Published Jun 29, 2015To understand the sheer joy and relief that came from the mere sight of Jamie Smith taking the booth as the penultimate act of the first-ever Art - Innovation - Movement (AIM) Festival at Carillon Park, keep in mind that for a seemingly interminable two hours or so prior to his appearance, there was a pervasive uneasiness setting in among the remaining AIM faithful that he wouldn't show. Not because he wasn't there, but because unceasing rains threatened to wash out the festival's most hyped act.
But Smith did show — about two hours after his advertised 2 p.m. start time — and for the hundred or so people who braved hours upon hours of inclement weather and frigid temperatures, the producer and xx member figuratively parted the clouds for the first 45 minutes of his set by doing his best Fabriclive semi-obscure funk and disco comp impression. For fans of his original work, he mixed "Sleep Sound" and "I'll Take Care Of You" from his collaborative effort with Gil Scott-Heron into his set. The people did not get soaked in vain.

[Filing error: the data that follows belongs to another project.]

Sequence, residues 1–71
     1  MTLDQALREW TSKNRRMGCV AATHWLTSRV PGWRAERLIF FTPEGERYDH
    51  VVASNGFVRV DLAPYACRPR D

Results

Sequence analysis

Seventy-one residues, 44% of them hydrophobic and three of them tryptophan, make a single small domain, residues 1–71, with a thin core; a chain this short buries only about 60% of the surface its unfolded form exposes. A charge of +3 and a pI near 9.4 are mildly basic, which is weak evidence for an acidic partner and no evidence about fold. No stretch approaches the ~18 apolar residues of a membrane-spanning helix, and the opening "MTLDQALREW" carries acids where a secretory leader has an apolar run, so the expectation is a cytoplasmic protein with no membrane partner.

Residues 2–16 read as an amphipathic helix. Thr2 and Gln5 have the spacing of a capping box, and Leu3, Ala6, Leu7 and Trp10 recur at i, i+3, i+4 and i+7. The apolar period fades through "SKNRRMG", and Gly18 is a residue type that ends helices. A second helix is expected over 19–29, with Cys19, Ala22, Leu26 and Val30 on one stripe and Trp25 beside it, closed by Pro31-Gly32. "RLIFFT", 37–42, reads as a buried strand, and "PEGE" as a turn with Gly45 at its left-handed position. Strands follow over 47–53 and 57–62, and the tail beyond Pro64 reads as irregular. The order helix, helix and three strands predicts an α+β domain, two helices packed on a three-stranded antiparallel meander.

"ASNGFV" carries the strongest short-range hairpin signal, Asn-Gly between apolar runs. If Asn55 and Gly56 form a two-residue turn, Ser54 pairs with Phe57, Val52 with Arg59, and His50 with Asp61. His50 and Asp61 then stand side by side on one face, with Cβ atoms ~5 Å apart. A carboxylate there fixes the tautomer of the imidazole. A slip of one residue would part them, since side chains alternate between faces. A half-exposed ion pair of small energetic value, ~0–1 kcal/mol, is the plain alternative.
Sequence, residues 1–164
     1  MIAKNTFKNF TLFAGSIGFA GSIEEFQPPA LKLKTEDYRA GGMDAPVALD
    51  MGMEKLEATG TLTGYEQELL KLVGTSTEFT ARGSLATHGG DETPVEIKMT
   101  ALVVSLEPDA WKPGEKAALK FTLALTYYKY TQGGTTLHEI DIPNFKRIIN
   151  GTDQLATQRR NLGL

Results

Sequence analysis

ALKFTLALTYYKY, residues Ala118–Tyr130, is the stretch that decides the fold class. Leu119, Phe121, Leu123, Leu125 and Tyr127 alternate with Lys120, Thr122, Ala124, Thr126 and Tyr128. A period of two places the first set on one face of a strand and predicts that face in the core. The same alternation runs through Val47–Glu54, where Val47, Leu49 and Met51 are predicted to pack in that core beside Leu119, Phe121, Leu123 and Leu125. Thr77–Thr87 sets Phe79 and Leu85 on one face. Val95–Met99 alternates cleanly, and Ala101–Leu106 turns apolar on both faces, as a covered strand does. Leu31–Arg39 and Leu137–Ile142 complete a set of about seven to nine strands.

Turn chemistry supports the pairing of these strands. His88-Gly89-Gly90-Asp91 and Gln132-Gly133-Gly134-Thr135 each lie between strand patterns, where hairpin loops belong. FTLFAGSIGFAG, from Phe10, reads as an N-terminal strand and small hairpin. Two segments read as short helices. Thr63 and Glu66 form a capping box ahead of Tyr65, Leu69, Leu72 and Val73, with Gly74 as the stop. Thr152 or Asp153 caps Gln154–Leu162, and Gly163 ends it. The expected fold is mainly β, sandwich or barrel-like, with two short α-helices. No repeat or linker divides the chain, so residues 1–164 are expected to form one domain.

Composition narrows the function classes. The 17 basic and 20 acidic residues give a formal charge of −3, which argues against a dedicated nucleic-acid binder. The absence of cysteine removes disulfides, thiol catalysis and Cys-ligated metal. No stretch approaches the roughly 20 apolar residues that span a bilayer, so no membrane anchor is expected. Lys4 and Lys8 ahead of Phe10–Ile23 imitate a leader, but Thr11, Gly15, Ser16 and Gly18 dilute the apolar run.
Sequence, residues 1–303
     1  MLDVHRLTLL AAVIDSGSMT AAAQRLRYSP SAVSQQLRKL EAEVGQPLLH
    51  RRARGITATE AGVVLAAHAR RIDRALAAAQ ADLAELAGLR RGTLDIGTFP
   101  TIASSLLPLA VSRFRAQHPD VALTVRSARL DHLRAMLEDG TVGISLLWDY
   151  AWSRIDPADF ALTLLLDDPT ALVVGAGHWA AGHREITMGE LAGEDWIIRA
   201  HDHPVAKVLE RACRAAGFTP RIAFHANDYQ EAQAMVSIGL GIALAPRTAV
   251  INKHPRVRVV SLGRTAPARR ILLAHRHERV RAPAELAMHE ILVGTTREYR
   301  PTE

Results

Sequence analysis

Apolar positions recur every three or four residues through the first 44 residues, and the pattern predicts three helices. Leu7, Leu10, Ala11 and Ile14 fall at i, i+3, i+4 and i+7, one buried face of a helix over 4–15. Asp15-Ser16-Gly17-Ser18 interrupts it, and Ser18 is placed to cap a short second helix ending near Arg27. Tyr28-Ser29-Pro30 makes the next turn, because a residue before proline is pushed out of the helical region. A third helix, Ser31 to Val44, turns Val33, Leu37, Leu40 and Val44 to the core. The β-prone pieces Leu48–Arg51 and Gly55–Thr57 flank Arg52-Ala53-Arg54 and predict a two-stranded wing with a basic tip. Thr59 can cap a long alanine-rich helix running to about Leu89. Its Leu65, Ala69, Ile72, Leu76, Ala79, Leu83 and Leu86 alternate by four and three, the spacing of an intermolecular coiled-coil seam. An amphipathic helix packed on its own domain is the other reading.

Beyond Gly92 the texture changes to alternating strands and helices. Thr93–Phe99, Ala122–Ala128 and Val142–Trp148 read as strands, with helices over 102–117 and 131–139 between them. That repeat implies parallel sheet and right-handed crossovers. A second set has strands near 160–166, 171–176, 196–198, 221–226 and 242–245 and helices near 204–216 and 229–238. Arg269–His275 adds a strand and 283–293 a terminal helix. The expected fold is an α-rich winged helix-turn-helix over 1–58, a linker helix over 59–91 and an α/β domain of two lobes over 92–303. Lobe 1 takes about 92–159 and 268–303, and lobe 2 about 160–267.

The energy began to flag when he switched over from individual songs to long-form beats. Before his two hours were up, Smith returned to disco selections, including an extended outro of "And The Beat Goes On" by the Whispers. He also combined his own "Loud Places" featuring xx bandmate Romy Madley-Croft with the song he sampled on it, Idris Muhammad's "Could Heaven Ever Be Like This."
A couple of favourites from his debut album In Colour, "Gosh" and "I Know There's Gonna Be (Good Times)," were omitted from his set.
What Jamie XX might have lacked in terms of an adventurous vinyl collection or a desire to play his own material, he made up for in being unafraid to bounce from song to song or vocal sample to vocal sample to keep the audience engaged.